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How To Treat Receding Gums
Gums that pull back away from the teeth are known as receding gums. This phenomenon is often caused by gum disease. Though this disease does not have a known cure, it is manageable. In most instances, gum recession develops in a fairly gradual manner. So take a good look at your teeth and gums each day and abide by your regularly scheduled visits with the dentist.
Here is a look at how receding gums are treated.
Unfortunately, no treatment exists that can reverse gum disease. The gum tissue will not grow back. However, treatment can stop the problem from worsening. The treatment modality your dentist settles on will partially hinge on the underlying cause of the gum issues. It might be possible to reduce or halt the rate of gum recession by doing something as simple as altering flossing and brushing techniques. Even the incorporation of a daily mouth rinse that combats plaque can attack the plaque between teeth. It also might help to use an interdental cleaner like a dental pick to clean those spaces that are difficult to reach.
Scaling and Root Planing
In some instances, it is necessary for a patient to have a deep cleaning treatment known as the scaling and root planing to be performed. This involves a cleaning of the plaque and tartar from the surface and roots of the teeth to combat gum recession.
If the gum recession is significant, a procedure known as gum grafting can help restore some of the lost gum tissue. Gum grafting moves gum tissue from one portion of the mouth to another. Grafting is the attachment of the tissue to the new space around a tooth. Once the site heals, it guards the exposed tooth root and allows for a natural look.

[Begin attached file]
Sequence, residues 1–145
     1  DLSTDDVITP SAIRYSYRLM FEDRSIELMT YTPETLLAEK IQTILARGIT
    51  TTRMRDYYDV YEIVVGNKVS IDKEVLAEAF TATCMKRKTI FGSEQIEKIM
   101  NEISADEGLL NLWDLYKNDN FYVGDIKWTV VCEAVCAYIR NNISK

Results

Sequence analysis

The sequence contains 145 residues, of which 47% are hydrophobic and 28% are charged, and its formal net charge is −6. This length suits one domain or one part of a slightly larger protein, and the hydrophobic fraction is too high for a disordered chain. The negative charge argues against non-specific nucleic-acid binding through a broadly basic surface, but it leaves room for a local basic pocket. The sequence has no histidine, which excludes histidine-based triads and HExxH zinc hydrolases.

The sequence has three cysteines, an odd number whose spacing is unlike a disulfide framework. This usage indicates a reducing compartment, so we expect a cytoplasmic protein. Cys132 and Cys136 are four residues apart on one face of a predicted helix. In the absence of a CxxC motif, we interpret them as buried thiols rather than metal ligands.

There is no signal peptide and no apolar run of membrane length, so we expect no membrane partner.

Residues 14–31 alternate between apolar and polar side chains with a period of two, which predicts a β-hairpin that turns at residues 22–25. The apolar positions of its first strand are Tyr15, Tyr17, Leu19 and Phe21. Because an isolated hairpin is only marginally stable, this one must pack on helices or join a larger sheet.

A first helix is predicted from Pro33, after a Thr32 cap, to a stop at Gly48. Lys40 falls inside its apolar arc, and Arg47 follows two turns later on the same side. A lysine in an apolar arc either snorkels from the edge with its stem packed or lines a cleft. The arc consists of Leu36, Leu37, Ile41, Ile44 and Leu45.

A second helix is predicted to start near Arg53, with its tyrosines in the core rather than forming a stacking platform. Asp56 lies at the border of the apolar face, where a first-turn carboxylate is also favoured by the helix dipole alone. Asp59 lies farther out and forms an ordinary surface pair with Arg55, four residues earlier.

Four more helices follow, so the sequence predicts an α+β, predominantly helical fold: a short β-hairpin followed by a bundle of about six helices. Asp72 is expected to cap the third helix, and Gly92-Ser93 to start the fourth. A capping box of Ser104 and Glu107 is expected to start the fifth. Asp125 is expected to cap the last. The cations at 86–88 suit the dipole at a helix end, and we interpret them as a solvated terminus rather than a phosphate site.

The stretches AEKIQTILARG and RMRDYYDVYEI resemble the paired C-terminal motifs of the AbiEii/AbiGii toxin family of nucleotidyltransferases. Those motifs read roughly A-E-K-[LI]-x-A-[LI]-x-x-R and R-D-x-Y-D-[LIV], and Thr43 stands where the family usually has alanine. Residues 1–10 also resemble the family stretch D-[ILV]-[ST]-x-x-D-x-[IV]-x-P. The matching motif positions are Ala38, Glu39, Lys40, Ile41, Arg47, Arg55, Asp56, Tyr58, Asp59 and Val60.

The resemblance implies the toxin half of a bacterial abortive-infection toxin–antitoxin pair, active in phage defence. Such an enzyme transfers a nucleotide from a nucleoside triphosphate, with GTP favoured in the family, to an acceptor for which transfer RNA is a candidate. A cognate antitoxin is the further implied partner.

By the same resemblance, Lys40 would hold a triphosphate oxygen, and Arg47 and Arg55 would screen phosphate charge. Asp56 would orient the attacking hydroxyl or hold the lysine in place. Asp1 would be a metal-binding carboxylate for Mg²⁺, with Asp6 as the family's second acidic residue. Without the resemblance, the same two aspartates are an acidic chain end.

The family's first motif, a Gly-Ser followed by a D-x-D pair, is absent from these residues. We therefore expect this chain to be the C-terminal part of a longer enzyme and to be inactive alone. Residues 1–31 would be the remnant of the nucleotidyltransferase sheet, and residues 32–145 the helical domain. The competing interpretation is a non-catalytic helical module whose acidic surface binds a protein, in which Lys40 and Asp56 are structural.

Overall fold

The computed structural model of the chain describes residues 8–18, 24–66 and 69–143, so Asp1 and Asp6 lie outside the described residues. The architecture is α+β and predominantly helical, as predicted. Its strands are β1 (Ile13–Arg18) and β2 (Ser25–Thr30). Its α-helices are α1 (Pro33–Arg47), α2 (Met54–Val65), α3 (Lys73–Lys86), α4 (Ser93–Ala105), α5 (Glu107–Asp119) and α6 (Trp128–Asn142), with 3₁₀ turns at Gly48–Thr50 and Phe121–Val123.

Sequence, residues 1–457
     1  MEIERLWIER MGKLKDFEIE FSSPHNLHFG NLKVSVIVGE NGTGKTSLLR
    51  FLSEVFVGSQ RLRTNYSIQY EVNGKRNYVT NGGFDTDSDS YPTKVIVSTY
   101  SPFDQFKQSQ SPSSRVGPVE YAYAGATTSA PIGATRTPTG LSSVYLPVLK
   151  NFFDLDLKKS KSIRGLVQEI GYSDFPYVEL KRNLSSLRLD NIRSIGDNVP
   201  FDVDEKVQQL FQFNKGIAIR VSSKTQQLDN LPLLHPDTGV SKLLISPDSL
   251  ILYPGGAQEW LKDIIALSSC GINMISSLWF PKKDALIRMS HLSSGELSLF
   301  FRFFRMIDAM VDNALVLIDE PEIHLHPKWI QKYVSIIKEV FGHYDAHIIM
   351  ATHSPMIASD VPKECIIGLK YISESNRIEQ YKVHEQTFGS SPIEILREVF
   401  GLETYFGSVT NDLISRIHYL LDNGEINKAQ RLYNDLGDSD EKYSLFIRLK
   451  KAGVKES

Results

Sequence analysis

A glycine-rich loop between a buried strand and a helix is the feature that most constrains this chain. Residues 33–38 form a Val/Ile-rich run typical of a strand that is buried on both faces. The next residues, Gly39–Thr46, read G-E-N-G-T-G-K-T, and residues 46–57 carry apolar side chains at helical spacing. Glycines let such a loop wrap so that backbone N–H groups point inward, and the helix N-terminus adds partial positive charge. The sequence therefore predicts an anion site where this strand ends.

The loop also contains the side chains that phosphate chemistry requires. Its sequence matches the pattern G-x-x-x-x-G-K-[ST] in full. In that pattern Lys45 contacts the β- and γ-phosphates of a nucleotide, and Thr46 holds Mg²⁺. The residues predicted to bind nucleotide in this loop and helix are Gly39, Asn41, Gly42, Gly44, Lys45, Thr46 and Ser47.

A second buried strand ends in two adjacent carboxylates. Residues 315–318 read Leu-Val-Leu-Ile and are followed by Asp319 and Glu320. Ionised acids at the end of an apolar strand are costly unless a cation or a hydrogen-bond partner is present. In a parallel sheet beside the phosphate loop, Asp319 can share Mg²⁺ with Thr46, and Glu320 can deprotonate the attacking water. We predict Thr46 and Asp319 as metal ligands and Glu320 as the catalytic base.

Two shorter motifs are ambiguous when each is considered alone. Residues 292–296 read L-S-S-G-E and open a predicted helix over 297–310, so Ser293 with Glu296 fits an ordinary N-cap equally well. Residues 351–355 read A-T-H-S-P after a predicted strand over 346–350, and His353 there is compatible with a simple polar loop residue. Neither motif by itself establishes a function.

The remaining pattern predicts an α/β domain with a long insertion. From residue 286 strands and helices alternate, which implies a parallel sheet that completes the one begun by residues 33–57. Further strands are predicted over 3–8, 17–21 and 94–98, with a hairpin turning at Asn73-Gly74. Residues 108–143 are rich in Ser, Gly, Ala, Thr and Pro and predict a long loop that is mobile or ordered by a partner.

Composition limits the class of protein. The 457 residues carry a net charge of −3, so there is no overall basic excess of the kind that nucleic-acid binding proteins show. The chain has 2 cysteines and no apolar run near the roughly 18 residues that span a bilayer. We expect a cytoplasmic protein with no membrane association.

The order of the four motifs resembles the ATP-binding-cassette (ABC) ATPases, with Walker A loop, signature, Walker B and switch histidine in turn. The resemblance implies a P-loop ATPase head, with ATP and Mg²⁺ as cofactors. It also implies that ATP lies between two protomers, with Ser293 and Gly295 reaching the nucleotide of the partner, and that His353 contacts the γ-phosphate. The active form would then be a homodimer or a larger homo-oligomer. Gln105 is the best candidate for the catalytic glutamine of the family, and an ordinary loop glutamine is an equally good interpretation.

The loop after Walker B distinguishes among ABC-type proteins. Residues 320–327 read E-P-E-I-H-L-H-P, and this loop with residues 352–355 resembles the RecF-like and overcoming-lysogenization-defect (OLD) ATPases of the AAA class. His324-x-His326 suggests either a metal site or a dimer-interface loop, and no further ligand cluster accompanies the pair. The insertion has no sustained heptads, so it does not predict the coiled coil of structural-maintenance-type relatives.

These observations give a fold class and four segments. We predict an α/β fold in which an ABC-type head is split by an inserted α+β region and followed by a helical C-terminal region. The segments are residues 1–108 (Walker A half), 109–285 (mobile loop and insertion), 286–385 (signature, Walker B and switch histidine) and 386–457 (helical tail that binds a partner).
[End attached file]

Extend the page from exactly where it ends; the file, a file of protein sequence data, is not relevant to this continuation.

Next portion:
In instances of severe gum recession where the bone is destroyed, regeneration can be used. This surgical procedure involves the use of regenerative material in the site of bone loss to advance the regeneration of bone and tissue. The gum tissue is secured in the space where one or several teeth were involved.
Orthodontics can be specifically designed to move tooth position to rectify the gum margin.
It is also possible to use composite resins that match the color of the teeth. These composite resins cover the surface of the root. They also serve to close gaps between teeth.
All sorts of different agents from the desensitizing variety to dentine bonding agents and varnishes can help. They minimize sensitivity that has the potential to develop within the exposed tooth root. The purpose of this approach is to treat the nerve symptoms and allow for normal oral hygiene to continue even though sensitive teeth are being brushed.
It is also possible to use pink porcelain or a composite that matches the hue of the gums. Removable gingival veneers made with silicone or acrylic will also prove helpful.
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